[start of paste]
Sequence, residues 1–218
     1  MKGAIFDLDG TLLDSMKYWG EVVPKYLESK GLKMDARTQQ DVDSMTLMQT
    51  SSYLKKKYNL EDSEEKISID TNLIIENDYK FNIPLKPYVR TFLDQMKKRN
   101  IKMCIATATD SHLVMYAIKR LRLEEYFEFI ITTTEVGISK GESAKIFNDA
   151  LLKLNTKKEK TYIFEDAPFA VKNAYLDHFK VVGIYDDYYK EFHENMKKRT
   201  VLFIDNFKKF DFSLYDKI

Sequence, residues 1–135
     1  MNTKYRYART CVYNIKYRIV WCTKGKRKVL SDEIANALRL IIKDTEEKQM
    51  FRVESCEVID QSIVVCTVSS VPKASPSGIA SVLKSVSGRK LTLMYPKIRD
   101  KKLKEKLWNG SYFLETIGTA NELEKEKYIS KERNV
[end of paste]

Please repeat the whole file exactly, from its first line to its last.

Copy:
Sequence, residues 1–218
     1  MKGAIFDLDG TLLDSMKYWG EVVPKYLESK GLKMDARTQQ DVDSMTLMQT
    51  SSYLKKKYNL EDSEEKISID TNLIIENDYK FNIPLKPYVR TFLDQMKKRN
   101  IKMCIATATD SHLVMYAIKR LRLEEYFEFI ITTTEVGISK GESAKIFNDA
   151  LLKLNTKKEK TYIFEDAPFA VKNAYLDHFK VVGIYDDYYK EFHENMKKRT
   201  VLFIDNFKKF DFSLYDKI

Sequence, residues 1–135
     1  MNTKYRYART CVYNIKYRIV WCTKGKRKVL SDEIANALRL IIKDTEEKQM
    51  FRVESCEVID QSIVVCTVSS VPKASPSGIA SVLKSVSGRK LTLMYPKIRD
   101  KKLKEKLWNG SYFLETIGTA NELEKEKYIS KERNV